The center of your application is not the database. Nor is it one or more of the frameworks you may be using. The center of your application are the use cases of your application. […] If you get the database involved early, then it will warp your design. It’ll fight to gain control of the center, and once there it will hold onto the center like a scruffy terrier. You have to work hard to keep the database out of the center of your systems. You have to continuously say “No” to the temptation to get the database working early.

Original title and link: NO DB - the Center of Your Application Is Not the Database (NoSQL database©myNoSQL)


The Grand Picture of Big Data and the Impact on the Architecture of Systems

In a recent interview for AllThingsD, Mike Rhodin, the senior vice president of IBM’s Software Solutions Group gave a very realistic description of what the future of data looks like:

[…] it comes out of the digitization of the physical world, the instrumentation of physical processes that’s going to generate huge amounts of new data, which is going to drive issues around storage, and what to do with all the data, how to analyze it. That pushes you toward real-time analytics and streaming technologies, because with real time, you don’t have to save the data — you want to look for anomalies as they occur.

This is indeed the grand picture of Big Data.

Now think for a second how many companies have such systems in place. Not many. Think now how many companies can offer as-complete-as-possible integrated systems to address these challenges. Very few.

These two answers are revealing an interesting perspective about the future of the Big Data market.

On one side we have vendors building top notch solutions—consider the new features in the relational databases, NoSQL databases, Hadoop, etc. By looking at this space you’ll have to agree that all these are excellent solutions for tackling a sub-space of the overall problem. They are getting closer and closer to offering local optimum solutions.

On other side there are the system integrators and platform vendors. Their systems may not be the best in solving every aspect of a problem, but their focus is in addressing and solving the complete problem. Their sales pitch is integration and/or specialization.

As someone writing about polyglot persistence and the 1001 NoSQL, NewSQL, and the development of the relational databases, I could be tempted to think that every company would have the budget, the know-how, and the time to take top-notch sub-systems and create solutions crafted to their problem. But looking back in time and also applying the lessons from other markets, I think it is safe to say that integrated solutions are preferred.

The lesson to be learned by both NoSQL and relational database vendors, actually by all (sub)system vendors that are playing in the Big Data market is to design products with openness and integration in mind. Very few, if any, sub-systems will be part of the grand solution if they are architected as silos. They can continue to provide the ultimate local optimum solutions, but as long as they are not architected to be part of a collaborative integrated platform they’ll lose important segments of the market. Many products I’m writing about are already following this principle, many are making steps towards being friendlier in terms of integration, and many are still taking the silver bullet approach.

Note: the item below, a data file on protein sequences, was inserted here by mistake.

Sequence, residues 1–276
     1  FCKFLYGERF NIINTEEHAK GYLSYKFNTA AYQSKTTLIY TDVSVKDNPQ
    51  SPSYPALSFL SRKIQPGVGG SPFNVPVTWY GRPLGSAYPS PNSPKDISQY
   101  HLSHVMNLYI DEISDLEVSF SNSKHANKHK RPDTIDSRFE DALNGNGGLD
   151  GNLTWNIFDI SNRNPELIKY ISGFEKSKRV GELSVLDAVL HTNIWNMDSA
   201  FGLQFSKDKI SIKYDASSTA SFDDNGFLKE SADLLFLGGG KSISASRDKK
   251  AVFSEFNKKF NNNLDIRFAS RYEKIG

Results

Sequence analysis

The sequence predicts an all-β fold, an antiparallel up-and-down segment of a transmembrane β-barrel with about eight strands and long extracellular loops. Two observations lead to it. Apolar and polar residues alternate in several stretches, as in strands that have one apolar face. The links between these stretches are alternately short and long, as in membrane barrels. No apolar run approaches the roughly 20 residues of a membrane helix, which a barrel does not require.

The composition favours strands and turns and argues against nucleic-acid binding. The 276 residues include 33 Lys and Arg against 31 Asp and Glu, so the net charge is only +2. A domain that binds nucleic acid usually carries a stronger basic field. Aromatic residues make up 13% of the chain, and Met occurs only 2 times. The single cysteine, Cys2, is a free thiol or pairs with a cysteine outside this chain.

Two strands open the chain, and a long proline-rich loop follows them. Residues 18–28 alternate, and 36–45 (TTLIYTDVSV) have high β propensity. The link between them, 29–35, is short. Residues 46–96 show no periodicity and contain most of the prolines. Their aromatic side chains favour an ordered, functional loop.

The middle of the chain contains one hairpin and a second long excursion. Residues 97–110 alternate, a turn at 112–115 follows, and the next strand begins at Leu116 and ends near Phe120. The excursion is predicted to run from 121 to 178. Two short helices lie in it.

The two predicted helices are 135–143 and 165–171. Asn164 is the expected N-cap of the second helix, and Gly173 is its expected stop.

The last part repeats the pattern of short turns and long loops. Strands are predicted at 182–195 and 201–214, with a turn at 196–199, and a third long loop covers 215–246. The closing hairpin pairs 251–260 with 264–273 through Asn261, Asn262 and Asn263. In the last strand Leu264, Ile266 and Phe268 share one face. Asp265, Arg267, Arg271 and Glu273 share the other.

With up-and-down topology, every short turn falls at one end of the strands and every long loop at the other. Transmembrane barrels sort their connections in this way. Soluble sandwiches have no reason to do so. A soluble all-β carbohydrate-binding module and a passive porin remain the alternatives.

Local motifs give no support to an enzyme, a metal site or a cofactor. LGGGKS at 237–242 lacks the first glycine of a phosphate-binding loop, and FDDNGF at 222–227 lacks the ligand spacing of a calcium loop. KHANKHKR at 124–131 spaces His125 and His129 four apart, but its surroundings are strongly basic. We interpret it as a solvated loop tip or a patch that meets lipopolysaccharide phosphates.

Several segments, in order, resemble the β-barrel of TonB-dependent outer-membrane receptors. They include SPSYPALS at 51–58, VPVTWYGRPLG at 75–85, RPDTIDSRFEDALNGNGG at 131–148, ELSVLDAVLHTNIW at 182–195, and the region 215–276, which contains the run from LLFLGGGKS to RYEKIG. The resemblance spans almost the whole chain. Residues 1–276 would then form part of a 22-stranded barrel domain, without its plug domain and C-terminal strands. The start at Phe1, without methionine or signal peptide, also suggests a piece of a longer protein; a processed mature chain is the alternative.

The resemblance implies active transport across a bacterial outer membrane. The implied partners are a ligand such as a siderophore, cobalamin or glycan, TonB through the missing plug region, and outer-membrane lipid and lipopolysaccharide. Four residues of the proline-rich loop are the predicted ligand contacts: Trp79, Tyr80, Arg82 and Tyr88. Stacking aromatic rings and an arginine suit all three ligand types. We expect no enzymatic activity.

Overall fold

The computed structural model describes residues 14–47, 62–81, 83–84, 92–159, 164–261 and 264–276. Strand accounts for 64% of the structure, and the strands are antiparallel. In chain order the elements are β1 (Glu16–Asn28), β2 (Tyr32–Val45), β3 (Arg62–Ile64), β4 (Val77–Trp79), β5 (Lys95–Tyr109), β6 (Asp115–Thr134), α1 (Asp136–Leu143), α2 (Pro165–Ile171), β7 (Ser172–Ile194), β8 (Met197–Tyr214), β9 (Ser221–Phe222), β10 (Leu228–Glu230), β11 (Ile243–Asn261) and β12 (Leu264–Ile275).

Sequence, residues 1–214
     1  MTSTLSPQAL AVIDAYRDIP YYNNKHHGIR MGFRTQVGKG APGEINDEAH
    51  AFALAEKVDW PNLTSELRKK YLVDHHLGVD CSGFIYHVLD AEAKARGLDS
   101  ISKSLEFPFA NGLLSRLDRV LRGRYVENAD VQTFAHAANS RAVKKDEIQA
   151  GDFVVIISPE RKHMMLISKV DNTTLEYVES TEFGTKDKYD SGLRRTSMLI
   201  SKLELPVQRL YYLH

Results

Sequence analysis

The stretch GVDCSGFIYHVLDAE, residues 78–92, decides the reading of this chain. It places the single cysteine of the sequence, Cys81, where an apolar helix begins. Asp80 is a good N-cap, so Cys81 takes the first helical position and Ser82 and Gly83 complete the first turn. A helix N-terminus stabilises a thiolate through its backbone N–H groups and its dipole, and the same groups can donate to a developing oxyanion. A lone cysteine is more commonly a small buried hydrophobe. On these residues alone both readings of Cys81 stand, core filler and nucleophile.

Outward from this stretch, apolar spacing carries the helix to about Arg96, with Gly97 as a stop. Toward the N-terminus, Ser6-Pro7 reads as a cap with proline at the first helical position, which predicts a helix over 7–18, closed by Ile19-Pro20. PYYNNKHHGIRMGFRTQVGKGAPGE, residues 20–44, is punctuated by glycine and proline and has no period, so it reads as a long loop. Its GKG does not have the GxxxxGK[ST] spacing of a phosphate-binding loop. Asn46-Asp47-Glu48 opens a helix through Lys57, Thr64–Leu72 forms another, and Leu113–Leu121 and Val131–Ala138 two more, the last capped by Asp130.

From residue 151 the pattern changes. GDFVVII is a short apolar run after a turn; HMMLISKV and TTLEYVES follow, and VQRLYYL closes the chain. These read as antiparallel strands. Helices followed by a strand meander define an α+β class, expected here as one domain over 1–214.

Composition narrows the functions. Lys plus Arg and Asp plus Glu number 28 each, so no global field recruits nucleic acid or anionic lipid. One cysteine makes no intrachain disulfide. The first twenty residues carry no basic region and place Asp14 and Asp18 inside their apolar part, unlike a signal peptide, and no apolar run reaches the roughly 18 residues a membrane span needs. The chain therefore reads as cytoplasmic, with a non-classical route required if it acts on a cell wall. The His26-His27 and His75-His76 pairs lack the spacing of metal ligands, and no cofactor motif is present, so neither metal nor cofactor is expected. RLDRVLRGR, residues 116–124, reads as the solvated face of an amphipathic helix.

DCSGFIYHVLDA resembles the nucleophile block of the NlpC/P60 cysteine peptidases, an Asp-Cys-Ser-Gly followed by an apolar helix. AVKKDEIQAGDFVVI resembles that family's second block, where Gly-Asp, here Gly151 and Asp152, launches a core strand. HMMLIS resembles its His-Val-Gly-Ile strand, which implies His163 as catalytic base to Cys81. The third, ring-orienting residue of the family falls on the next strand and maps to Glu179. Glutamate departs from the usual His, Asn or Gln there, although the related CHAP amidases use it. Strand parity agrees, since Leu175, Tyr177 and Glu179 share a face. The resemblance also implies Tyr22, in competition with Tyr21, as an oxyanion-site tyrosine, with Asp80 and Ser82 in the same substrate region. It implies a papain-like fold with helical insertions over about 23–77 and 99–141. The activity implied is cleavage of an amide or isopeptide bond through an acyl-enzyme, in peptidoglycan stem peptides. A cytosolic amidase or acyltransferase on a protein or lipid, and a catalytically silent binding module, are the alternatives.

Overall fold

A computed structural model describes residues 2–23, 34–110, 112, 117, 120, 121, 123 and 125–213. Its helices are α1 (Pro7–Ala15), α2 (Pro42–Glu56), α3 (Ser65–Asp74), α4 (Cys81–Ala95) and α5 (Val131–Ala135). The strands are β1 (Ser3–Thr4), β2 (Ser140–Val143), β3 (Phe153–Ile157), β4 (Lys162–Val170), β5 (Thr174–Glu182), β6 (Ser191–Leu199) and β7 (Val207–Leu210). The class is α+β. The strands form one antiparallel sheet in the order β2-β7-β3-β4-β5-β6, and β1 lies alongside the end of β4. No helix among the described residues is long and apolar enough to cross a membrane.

Original title and link: The Grand Picture of Big Data and the Impact on the Architecture of Systems (NoSQL database©myNoSQL)

Neo4j Data Modeling: What Question Do You Want to Answer?

Mark Needham:

Over the past few weeks I’ve been modelling ThoughtWorks project data in neo4j and I realised that the way that I’ve been doing this is by considering what question I want to answer and then building a graph to answer it.

This same principle should be applied to modeling with any NoSQL database. Thinking in terms of access patterns is one of the major differences between doing data modeling in the NoSQL space and the relational world, which is driven, at least in the first phases and theoretically, by the normalization rules.

Original title and link: Neo4j Data Modeling: What Question Do You Want to Answer? (NoSQL database©myNoSQL)


In Defense of ORMs

Martin Fowler in a post defending the role of ORMs:

As you might have gathered, I think NoSQL is technology to be taken very seriously. If you have an application problem that maps well to a NoSQL data model - such as aggregates or graphs - then you can avoid the nastiness of mapping completely. Indeed this is often a reason I’ve heard teams go with a NoSQL solution.

Truth is that some NoSQL databases are getting more mapping libraries and frameworks than what I’ve seen done for relational databases before. Even worse, there are attempts to hide all NoSQL databases behind the same libraries, specs, or APIs. I think that the old principle of decoupling the application from the underlying database is way too ingrained in the software community, so much that almost nobody is asking the real questions: will I really need to change the data storage, will it actually work as planned, or what will I lose if I add just another indirection layer?